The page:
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Apprenticeship fees halve for small businesses

If you weren’t already aware, on Monday 29th October, the Treasury announced that the 10% fee small businesses must pay when taking on apprentices will be halved. The news was received positively by the logistics sector. I spoke to our Managing Director, David Coombes, to get his thoughts on the news.

What impact do you think this reduction in fees will have on apprenticeships?
Firstly, we are delighted that the chancellor has chosen to reduce the cost of apprenticeship training for non-levy payers, with the government now committing to paying a contribution of 95% of the apprenticeship fee and the employer paying the remaining 5%. This is a major and positive shift which the industry has been pushing hard for since the levy has been introduced. This should enable training providers to work closely with smaller businesses to increase the number of apprenticeships on offer.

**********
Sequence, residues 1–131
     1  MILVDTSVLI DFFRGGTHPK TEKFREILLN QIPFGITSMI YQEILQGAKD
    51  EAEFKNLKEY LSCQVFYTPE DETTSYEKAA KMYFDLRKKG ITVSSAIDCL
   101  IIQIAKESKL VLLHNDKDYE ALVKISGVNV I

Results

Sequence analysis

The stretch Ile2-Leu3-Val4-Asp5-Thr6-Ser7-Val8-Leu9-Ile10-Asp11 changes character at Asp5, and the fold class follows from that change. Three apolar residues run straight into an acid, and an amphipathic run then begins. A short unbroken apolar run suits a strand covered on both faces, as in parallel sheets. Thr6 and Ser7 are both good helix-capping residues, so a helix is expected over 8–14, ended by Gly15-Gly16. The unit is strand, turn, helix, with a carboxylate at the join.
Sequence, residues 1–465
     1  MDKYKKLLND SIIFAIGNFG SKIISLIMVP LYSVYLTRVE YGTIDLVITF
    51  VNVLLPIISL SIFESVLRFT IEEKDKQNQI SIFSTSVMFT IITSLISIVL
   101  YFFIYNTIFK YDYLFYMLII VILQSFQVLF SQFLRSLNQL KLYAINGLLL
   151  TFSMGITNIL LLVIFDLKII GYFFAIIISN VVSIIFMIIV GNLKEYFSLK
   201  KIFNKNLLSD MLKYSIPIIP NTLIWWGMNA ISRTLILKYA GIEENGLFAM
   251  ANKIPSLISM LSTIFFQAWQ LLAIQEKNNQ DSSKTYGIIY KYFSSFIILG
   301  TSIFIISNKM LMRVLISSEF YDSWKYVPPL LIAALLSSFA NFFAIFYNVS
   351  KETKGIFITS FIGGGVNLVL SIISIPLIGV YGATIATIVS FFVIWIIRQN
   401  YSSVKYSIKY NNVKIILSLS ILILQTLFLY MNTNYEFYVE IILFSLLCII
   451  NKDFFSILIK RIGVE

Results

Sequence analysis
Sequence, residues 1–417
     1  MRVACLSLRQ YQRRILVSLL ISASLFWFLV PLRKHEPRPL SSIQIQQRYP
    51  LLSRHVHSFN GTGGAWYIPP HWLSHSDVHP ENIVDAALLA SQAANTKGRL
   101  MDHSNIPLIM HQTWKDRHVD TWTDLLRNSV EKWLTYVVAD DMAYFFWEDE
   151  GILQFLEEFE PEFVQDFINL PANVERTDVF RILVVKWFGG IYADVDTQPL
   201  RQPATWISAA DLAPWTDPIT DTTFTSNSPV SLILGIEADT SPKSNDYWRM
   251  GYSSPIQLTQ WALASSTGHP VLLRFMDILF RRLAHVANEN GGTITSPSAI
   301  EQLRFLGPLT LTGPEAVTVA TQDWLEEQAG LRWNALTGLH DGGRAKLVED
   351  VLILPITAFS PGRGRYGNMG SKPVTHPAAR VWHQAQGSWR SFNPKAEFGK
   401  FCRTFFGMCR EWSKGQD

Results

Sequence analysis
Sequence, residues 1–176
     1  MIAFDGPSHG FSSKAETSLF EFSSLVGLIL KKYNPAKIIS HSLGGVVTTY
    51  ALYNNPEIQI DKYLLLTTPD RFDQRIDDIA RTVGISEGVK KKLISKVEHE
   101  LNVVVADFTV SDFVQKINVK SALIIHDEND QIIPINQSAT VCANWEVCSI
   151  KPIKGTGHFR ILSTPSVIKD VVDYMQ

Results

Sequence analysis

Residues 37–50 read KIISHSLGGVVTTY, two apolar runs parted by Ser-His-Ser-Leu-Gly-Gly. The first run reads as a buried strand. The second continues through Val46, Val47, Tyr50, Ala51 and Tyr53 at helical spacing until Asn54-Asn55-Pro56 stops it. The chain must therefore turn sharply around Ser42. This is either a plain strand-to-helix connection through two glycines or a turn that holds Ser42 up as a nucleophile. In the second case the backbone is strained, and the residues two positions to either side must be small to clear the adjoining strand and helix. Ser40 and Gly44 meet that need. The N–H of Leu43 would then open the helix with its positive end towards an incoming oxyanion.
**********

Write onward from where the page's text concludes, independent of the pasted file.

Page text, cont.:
What impact will this have for the logistics sector?
Well, we have seen less than 10% of logistics businesses take on apprentices since the levy was introduced, it’s certainly going to encourage non-levy payers to start thinking about the real value they can gain from apprenticeships. I’m sure there will be a big change in encouraging smaller business to take on apprentices now.

What are your thoughts on the Treasury backtracking on the start date for the apprenticeship fee cut which was set to be April 2019?